By CLAUDIA TORRENS and GISELA SALOMON
NEW YORK (AP) — Ulises García went from being a waiter to working at a laundromat. Yelitza Esteva used to do manicures and now delivers groceries. Maribel Torres swapped cleaning homes for sewing masks.
The coronavirus pandemic has devastated sectors of the economy dominated by immigrant labor: Restaurants, hotels, office cleaning services, in-home childcare and hair and nail salons, among others, have seen businesses shuttered as nonessential. The Migration Policy Institute found that 20% of the U.S. workers in vulnerable industries facing layoffs are immigrants, even though they only make up 17% of the civilian workforce.
And some of those immigrants, those without social security numbers, are unable to access any of the $2.2 trillion package that Congress approved to offer financial help during the pandemic.
The economic meltdown has forced many immigrants to branch out to new jobs or adapt skills to meet new demands generated by the virus. Those immigrants who are able to find new jobs say the possibility of catching the virus makes them nervous.
“I wonder sometimes if I should quit because I don’t feel comfortable working, when the virus is everywhere,” said García, a former waiter who now works at the laundromat in Brooklyn selling detergent, bleach or fabric softener.
“The problem is that no one knows for how long this will last,” he added.
For Venezuelan immigrant Yelizta Esteva there was no option other than to work after she lost the $2,100-per-month salary she earned at a Miami hair salon.
Her husband also lost his job at a house remodeling company. Besides rent and bills, they send money to at least seven family members in Venezuela.
“I was terrified. I was left with nothing,” said the 51-year-old immigrant, who left Venezuela in 2015 to seek asylum.
Now, Esteva and her husband work for the grocery delivery service Instacart and make an average of $150 per day, working more than 12 hours daily.
“I am very, very fearful,” said Esteva, who applies anti-bacterial lotion constantly while shopping at the supermarkets. “I trust God, who is protecting us.”
Most green card holders can benefit from unemployment insurance and from the economic stimulus package. Some immigrants on a temporary work permit, like those applying for asylum, can also get unemployment insurance and the new relief checks.
Undocumented immigrants can’t access the stimulus help or unemployment benefits even if they pay taxes. California Gov. Gavin Newsom, however, announced that his state will give cash to immigrants living in the country illegally who are hurt by the coronavirus, offering $500 apiece to 150,000 adults.
Some cities in the country are pushing similar efforts: Minneapolis and St. Paul, Minnesota, have both set up bridge funds that are open regardless of immigration status. Austin, Texas, has a fund that will be used in part to help people left out of federal relief.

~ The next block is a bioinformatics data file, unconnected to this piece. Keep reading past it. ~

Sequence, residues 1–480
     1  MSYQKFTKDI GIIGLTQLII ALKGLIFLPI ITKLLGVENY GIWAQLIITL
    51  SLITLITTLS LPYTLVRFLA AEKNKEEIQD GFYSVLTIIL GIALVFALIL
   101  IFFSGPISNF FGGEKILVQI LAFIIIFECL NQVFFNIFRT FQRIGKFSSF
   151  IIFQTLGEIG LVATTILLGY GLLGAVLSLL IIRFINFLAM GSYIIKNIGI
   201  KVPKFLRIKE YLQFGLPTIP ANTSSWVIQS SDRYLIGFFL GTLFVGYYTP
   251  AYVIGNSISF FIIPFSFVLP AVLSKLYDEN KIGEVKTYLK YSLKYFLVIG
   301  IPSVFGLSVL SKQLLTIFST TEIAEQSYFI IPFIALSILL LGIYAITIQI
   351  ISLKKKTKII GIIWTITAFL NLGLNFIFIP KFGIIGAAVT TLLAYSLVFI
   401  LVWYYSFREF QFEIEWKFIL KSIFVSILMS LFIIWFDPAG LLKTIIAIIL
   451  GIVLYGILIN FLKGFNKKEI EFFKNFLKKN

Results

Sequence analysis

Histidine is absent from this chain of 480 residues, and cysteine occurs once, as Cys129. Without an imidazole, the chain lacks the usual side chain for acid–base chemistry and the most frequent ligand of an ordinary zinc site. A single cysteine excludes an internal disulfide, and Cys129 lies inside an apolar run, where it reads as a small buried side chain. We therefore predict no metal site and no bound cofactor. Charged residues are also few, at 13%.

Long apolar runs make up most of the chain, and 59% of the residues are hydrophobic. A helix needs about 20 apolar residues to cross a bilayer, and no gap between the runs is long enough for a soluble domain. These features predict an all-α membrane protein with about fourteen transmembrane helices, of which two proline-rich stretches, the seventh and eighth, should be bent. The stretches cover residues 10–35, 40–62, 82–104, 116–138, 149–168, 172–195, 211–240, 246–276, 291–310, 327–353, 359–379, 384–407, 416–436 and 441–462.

Diana Mejía, health and safety coordinator for an interfaith organization that helps immigrants, Wind of the Spirit, says day laborers have shown up near the train station in Morristown, New Jersey, for years to wait to be picked up by construction and landscaping companies.
Now, Mejía says she sees new faces.
“Many used to work at restaurants. Also, for construction companies that closed,” she said.
In New York, Maribel Torres, a 47-year-old Mexican immigrant used to clean apartments, but tenants stopped calling her when the pandemic started. Her husband, a cook, lost his job when the restaurant he worked at closed.
Now, with support from MakerSpace, a collaborative work space full of tools and materials that people can learn to use, and La Colmena, a non-profit that helps day laborers, she is sewing masks from home.
Torres, along with three other immigrant women who do this work with her, will donate some masks and sell others. So far, they have sold about 300 online. A young day laborer who also lost his job has been making the deliveries.
“I feel that we are helping, and we plan to make a little money too,” said Torres.
Leymar Navas, a former attorney in Venezuela, was working as a restaurant cashier in Miami before the virus outbreak. But the sushi shop closed its doors in March, almost at the same time that her husband and her two adult sons also lost their jobs.
After a desperate search, she found a part-time job for a disinfecting company that cleans bank ATMs.
“Nobody expected this,” said the 47-year-old asylum seeker. “But any job is decent as long as you bring food to the table.”
According to a Pew Research Center study conducted in March, around half (49%) of Hispanics surveyed say they or someone in their household has taken a pay cut or lost a job —or both— because of the COVID-19 outbreak, compared with 29% of white people and 36% of black people.
A recent analysis from Pew based on Census statistics found that about 8 million Hispanic workers were employed in service-sector positions that are at higher risk of job loss.
Many of the immigrants with new jobs now say they feel grateful to have a job amid the pandemic, even if it means putting their own health at risk.